Paul O’Mahony is artistic director of Out of Chaos with whom he created UNMYTHABLE, which won the Three Weeks Editors’ Award in Edinburgh 2012. UNMYTHABLE has toured to more than 80 theaters across the UK, Europe, and New Zealand. He devised Out of Chaos, which in 2008 won Bilbao’s ACT Festival and the 100° Festival in Berlin and he wrote Norsesome with co-founder Mike Tweddle. They recently toured a two-man Macbeth in the UK, a production which will be performing at Off the Map Festival in Utah in 2018.
Paul’s work as an actor has included stints with companies such as The Orange Tree Theatre, The Royal Shakespeare Company, and English Touring Opera, among many others. He has toured extensively in the United States with leading roles in Much Ado About Nothing, Richard III and A Midsummer Night’s Dream (Actors From The London Stage). He is an Associate Director of Actors From The London Stage and was associate producer at Jermyn Street Theatre where his credits included All That Fall (starring Michael Gambon and Eileen Atkins), St John’s Night and Mother Adam.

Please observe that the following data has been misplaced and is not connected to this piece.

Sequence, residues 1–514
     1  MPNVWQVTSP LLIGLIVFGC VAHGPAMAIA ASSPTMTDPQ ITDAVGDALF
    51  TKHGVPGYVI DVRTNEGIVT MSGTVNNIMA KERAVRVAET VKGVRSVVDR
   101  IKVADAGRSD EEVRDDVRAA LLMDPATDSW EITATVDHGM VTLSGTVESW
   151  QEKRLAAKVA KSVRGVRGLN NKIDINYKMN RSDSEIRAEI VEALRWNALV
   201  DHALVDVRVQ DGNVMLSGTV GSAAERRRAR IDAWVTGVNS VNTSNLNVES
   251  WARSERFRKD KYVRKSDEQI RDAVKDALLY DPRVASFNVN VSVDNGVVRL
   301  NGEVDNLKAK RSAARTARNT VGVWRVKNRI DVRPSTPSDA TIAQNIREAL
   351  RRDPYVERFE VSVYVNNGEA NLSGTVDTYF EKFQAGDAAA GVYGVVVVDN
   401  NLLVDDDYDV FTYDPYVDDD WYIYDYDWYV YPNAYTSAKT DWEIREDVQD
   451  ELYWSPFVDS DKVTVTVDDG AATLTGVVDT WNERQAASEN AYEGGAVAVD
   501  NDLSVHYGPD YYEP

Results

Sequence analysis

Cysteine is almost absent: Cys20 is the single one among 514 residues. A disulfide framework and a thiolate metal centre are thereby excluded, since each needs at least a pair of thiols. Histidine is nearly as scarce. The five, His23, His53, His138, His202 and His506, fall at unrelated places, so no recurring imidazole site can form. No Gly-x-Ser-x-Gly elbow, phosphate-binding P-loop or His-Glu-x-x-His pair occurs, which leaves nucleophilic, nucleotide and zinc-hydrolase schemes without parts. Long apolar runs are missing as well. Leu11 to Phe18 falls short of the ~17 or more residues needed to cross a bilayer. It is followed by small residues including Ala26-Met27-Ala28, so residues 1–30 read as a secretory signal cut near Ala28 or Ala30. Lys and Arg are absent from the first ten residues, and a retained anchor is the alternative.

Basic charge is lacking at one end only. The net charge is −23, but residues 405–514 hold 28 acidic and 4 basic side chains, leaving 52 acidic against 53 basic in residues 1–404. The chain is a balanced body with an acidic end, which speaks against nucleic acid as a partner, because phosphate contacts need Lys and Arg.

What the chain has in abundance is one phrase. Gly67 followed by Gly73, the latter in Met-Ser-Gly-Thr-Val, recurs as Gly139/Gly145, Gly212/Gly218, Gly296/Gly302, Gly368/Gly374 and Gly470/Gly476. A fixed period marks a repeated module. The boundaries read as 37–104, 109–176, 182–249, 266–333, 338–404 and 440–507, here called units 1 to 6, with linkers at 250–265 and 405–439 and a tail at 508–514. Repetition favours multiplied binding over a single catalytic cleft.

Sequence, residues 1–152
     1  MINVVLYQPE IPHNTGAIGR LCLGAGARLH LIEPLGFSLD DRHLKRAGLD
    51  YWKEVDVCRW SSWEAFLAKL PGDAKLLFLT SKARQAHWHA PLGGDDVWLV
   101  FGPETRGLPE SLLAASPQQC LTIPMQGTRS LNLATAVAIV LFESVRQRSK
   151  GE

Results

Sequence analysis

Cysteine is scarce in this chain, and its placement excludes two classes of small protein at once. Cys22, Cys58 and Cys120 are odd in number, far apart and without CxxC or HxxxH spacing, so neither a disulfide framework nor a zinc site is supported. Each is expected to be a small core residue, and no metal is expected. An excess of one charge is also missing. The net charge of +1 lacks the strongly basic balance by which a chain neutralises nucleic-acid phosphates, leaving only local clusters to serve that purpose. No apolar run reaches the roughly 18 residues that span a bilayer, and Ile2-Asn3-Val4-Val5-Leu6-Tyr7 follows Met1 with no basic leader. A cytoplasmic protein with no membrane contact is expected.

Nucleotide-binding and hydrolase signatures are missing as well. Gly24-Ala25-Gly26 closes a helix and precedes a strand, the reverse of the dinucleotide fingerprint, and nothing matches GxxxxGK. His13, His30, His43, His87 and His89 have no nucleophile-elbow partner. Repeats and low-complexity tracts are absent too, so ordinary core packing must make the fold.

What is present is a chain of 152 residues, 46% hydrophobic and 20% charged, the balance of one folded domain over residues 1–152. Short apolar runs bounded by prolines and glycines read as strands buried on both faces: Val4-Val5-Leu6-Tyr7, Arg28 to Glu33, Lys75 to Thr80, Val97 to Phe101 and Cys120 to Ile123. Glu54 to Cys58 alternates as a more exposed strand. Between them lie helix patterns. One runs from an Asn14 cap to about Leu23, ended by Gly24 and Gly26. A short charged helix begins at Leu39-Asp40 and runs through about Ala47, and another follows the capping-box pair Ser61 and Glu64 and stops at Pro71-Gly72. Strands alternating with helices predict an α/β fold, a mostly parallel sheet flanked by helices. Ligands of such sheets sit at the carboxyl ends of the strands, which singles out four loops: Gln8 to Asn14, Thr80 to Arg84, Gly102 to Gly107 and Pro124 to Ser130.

In 2011, Paul adapted three Greek tragedies to create The House of Atreus, which was produced at the Barbican in London. With Rob Castell, he recently completed his first full-length musical, Delphi, based (once again!) on Greek mythology. In 2015, he directed Much Ado About Nothing in his role as Eminent Artist-in-residence at the University of Wyoming. Paul studied Classics at Oxford University where he twice won the Cawkwell Prize for Classics and was awarded an ancient history scholarship. He is Director of Outreach at Kallos Gallery in London.
His visit to CHS is to research Out of Chaos’s next show Crossing the Sea which will be based on the Aeneid. He’ll be using his time here to talk to the resident fellows and read up on migration and sea travel in the ancient world. Crossing the Sea will eventually include stories relating to the refugee crisis in Europe today, sharing the stories of those who have made similar journeys (and sacrifices) to Aeneas. The show will also be supported by The Playground Theatre in London and the Archive of Performances of Greek and Roman Drama in Oxford.